Estate & Gift Tax in Oakland County

Federal Estate Tax

An estate tax is a tax on the transfer of property at a person's death. Currently Michigan does not have a state estate tax, but the United States government reinstated the federal estate tax on December 17, 2010. Estate tax is calculated by adding up the fair market values of the decedent's assets and then subtracting applicable credits and deductions. As of 2013, only estates worth over $5,250,000 have to pay estate taxes. An Oakland County estate planning professional from The Offices of Stuart Lee Sherman, PC can help you avoid the federal estate tax through carefully selecting estate planning tools, including grantor-retained trusts.

Understanding Federal Gift Tax

If you give another person a gift, you may have to pay up to 40% in federal tax on it. In 2013, the gift allowance was raised to $14,000. This means that you can give another person $14,000 without being taxed. If you are married, you and your spouse are able to give one person $28,000 without the money being taxed. Certain gifts, such as college tuition, are not taxed. Additionally, gifts to spouses, charitable organizations and political organizations do not face taxation. There is a lifetime limit on gifts, which is $5.25 million as of 2013; if you exceed the limit, the gift tax will be imposed.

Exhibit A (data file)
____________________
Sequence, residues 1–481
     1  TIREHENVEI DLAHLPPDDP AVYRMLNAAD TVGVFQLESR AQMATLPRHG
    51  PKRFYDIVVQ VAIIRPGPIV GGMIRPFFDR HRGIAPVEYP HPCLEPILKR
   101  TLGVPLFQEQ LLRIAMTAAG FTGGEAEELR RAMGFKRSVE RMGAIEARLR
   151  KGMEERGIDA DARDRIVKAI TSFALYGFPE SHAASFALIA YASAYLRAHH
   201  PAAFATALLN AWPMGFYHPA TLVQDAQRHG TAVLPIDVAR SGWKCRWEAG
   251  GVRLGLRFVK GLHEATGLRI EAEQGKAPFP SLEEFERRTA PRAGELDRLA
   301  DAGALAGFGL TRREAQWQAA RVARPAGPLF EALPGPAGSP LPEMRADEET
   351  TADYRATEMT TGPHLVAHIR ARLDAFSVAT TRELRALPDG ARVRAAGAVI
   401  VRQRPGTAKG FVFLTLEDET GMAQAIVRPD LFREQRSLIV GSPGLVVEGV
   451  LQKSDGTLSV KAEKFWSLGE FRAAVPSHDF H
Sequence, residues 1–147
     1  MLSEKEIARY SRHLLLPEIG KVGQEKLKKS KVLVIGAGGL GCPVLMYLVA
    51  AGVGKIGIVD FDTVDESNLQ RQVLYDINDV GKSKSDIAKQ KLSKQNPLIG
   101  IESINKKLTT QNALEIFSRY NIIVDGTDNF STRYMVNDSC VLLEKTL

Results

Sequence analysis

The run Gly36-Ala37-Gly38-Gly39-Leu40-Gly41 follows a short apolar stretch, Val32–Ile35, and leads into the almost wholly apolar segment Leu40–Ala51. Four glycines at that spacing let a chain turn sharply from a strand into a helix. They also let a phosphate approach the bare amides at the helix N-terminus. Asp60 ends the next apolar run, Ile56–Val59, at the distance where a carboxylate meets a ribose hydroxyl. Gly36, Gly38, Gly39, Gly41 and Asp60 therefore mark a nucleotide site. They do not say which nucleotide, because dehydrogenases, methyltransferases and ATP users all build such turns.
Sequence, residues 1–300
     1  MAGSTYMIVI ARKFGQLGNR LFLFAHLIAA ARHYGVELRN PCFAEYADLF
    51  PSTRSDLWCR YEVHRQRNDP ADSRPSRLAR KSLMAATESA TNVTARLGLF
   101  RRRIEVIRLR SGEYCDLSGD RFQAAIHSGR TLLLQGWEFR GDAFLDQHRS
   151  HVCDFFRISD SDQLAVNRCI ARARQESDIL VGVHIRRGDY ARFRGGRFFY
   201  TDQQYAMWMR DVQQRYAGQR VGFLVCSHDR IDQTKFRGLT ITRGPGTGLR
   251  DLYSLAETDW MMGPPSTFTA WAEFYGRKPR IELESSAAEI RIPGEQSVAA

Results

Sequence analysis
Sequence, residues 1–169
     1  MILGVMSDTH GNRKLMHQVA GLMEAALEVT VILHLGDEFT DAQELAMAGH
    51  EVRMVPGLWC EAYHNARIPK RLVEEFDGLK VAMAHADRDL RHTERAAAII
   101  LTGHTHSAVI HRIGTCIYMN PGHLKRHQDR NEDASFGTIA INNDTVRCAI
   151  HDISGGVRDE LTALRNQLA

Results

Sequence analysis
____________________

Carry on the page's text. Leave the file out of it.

We can provide the skilled guidance you need!

If you are interested in planning for your loved ones, we can help you leave them with the most inheritance. With a LL.M in taxation, Stuart Lee Sherman is well-equipped to assist you with planning to avoid costly taxes. For more information about our client-centered approach, contact the Oakland County estate planning splecialist from Stuart Lee Sherman, P.C. or take advantage of our free case evaluation to learn about your options.

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